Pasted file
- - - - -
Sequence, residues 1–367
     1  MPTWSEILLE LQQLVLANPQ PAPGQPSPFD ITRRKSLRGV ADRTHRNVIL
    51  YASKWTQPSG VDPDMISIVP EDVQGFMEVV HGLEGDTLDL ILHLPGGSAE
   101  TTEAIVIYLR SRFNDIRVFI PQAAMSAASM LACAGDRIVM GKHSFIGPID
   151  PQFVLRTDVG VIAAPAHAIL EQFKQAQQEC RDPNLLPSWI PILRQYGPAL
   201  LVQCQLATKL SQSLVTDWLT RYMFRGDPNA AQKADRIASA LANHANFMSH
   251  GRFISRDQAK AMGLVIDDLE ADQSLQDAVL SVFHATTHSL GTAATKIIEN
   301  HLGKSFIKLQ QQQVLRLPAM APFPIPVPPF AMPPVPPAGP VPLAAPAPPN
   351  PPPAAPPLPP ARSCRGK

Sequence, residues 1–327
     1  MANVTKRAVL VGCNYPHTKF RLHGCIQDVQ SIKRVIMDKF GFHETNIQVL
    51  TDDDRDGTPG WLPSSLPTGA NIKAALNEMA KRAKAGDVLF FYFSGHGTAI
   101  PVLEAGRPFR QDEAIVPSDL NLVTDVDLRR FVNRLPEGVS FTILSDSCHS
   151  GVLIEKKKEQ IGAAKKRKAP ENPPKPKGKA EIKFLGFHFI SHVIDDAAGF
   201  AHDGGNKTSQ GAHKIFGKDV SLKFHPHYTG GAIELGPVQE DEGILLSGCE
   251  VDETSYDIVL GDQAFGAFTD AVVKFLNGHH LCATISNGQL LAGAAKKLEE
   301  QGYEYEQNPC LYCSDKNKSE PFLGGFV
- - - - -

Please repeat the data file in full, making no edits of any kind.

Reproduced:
Sequence, residues 1–367
     1  MPTWSEILLE LQQLVLANPQ PAPGQPSPFD ITRRKSLRGV ADRTHRNVIL
    51  YASKWTQPSG VDPDMISIVP EDVQGFMEVV HGLEGDTLDL ILHLPGGSAE
   101  TTEAIVIYLR SRFNDIRVFI PQAAMSAASM LACAGDRIVM GKHSFIGPID
   151  PQFVLRTDVG VIAAPAHAIL EQFKQAQQEC RDPNLLPSWI PILRQYGPAL
   201  LVQCQLATKL SQSLVTDWLT RYMFRGDPNA AQKADRIASA LANHANFMSH
   251  GRFISRDQAK AMGLVIDDLE ADQSLQDAVL SVFHATTHSL GTAATKIIEN
   301  HLGKSFIKLQ QQQVLRLPAM APFPIPVPPF AMPPVPPAGP VPLAAPAPPN
   351  PPPAAPPLPP ARSCRGK

Sequence, residues 1–327
     1  MANVTKRAVL VGCNYPHTKF RLHGCIQDVQ SIKRVIMDKF GFHETNIQVL
    51  TDDDRDGTPG WLPSSLPTGA NIKAALNEMA KRAKAGDVLF FYFSGHGTAI
   101  PVLEAGRPFR QDEAIVPSDL NLVTDVDLRR FVNRLPEGVS FTILSDSCHS
   151  GVLIEKKKEQ IGAAKKRKAP ENPPKPKGKA EIKFLGFHFI SHVIDDAAGF
   201  AHDGGNKTSQ GAHKIFGKDV SLKFHPHYTG GAIELGPVQE DEGILLSGCE
   251  VDETSYDIVL GDQAFGAFTD AVVKFLNGHH LCATISNGQL LAGAAKKLEE
   301  QGYEYEQNPC LYCSDKNKSE PFLGGFV